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United States v. Roehr

United States District Court, D. Montana, Billings Division

November 29, 2018

JEREMY ROEHR, Defendant.



         Before the Court is Defendant Jeremy Roehr's Motion to Suppress. (Doc. 16.) The motion is granted in part, and the evidence found pursuant to a search of a black backpack discovered during an unconsented-to warrantless search of a third party's residence is suppressed. The motion is denied as to the evidence found during the course of searching Roehr's vehicle.

         Factual Background

         The State of Montana issued a warrant for the arrest of Defendant Jeremy Roehr prior to August 25, 2017. On that date, law enforcement officers fielded a phone call stating that Roehr could be found at a trailer in Lockwood, Montana and that Roehr's car, a black Nissan Sentra, was parked outside the trailer. (Doc. 18 at 2.) Allena Junkert owned the trailer, and she lived there with her adult daughter, Krista Junkert.

         Approximately six law enforcement offers effected Roehr's arrest on August 25 at the Junkerts' residence. (Doc. 17-1 at 1.) After taking Roehr into custody, officers searched Roehr's car, where they found cash, plastic baggies, and a small digital scale and weights. (Doc. 17-1.) Officers also searched a black backpack, which they had found in Krista Junkert's bedroom, located in the back section of the trailer. Inside the backpack, searching officers found illegal drugs and cash. (Doc. 17-1.)

         Beyond these few facts, the details are somewhat murky. Here, there are six different stories of the event told by four different participants over the course of two documents and three evidentiary hearings.[1] Given the disparities between these accounts, the Court briefly summarizes each rather than attempting a synthesis.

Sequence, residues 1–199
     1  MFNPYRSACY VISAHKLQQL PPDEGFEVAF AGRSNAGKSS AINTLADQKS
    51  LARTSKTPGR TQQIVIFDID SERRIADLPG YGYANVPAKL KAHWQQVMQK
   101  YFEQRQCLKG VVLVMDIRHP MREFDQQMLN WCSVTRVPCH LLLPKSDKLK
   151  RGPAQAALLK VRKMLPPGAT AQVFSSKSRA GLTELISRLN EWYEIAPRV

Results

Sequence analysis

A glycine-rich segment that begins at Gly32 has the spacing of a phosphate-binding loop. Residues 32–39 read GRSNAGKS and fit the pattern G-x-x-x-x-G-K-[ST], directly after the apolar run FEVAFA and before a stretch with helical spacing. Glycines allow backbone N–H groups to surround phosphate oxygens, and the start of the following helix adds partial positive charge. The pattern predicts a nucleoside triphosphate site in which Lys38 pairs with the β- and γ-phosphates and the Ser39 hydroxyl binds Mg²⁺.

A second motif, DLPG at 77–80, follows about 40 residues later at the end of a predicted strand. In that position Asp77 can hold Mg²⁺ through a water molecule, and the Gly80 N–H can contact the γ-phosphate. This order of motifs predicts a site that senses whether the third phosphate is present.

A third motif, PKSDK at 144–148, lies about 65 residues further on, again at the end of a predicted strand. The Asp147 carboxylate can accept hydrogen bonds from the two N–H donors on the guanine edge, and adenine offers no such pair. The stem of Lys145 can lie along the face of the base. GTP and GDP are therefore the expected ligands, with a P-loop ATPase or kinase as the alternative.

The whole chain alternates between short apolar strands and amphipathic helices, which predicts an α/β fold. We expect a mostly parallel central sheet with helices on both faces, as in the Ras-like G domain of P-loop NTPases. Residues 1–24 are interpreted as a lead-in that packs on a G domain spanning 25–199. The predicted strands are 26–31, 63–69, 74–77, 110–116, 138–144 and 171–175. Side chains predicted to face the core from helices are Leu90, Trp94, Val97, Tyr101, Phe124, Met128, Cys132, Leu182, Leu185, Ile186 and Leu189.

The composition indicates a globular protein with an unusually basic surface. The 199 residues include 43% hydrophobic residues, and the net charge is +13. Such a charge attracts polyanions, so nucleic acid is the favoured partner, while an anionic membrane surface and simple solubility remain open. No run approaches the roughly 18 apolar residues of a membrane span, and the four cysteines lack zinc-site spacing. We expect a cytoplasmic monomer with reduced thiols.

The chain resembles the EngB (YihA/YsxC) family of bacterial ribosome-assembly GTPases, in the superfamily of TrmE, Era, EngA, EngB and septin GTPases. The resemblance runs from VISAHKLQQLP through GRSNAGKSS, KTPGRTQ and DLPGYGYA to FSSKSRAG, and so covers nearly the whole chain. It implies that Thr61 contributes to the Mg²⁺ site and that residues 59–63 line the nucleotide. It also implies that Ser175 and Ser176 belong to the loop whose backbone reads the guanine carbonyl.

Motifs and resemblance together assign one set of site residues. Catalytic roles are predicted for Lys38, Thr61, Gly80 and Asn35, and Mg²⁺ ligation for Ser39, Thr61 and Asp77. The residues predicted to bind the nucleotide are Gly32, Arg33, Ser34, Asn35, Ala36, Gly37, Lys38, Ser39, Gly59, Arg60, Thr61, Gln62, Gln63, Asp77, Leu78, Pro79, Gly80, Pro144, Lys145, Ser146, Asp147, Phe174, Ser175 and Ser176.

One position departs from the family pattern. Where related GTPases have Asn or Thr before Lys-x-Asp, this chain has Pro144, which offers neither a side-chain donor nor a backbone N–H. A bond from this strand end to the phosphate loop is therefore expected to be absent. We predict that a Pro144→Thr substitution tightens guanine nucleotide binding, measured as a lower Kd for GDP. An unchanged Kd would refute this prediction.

1. Evans's report

         Officer Chris Evans, Roehr's state probation officer, was present for the search of the Lockwood trailer home. Following Roehr's arrest and the search of Roehr's vehicle and the black backpack, Evans typed and signed his statement. (Doc. 17-1.)

         Evans wrote that, following five minutes of knocking, Krista Junkert answered the door of the trailer, which opens into the living room of the residence. Although she was initially evasive and dishonest regarding Roehr's whereabouts, Junkert eventually told Officer Jayson Baxter, "you can come in and look." The officers ultimately found Roehr in the back bedroom of the trailer, and they called him into the living room, where he was placed in restraints. At this time, officers summoned Allena Junkert, who had thus far remained in her bedroom, into the living room.

         According to Evans's written account, Evans asked Krista for the keys to Roehr's car. He walked with her to the back bedroom, "where Roehr had been located," and she gave him the keys on a lanyard. Evans then asked Krista "who the backpack in the room belonged to. She confirmed it was Roehr's and stated, 'you can take it.'" (Doc. 17-1 at 2.) Evans verified with Roehr that the backpack was Roehr's and began to search the bag. Upon finding cash and what appeared to be illegal drugs, Evans consulted with other law enforcement officers in person and over the phone, and the officers determined that the City County Special Investigations Unit would apply for a warrant before the bag was searched further. Officers than proceeded to search the car, where additional contraband was found.

         2. Evans's testimony

         Evans testified at the first hearing on the motion to suppress, held October 9, 2018. He stated that Krista answered the door following a prolonged period of knocking, stepped to the side of the threshold, and invited the officers to come inside to look for Roehr. Evans testified that Roehr appeared in the living room within seconds of the officers' entry, just after an officer called for him down the hallway. Evans was not sure what room Roehr had been in when the officers entered the residence. Roehr was arrested and taken outside.

         After asking Krista where he could find Roehr's car keys, Evans accompanied Krista to her bedroom, where he saw the black backpack near the keys. He asked Krista to whom it belonged, and she said it was Roehr's. Evans then asked if Krista would like to keep the backpack in the trailer while the officers took Roehr into custody. Krista replied that she preferred for the officers to take the bag with them, saying, "You can take it."

         Evans confirmed with Roehr that the backpack belonged to him and initiated a probationary search. Upon finding what appeared to be evidence of a new crime, Evans and his fellow officers reached out to the City County Special Investigations Unit, which asked that the officers turn the bag over to the unit so that the unit could then apply for a search warrant. The officers proceeded to search Roehr's car.

         3. ...

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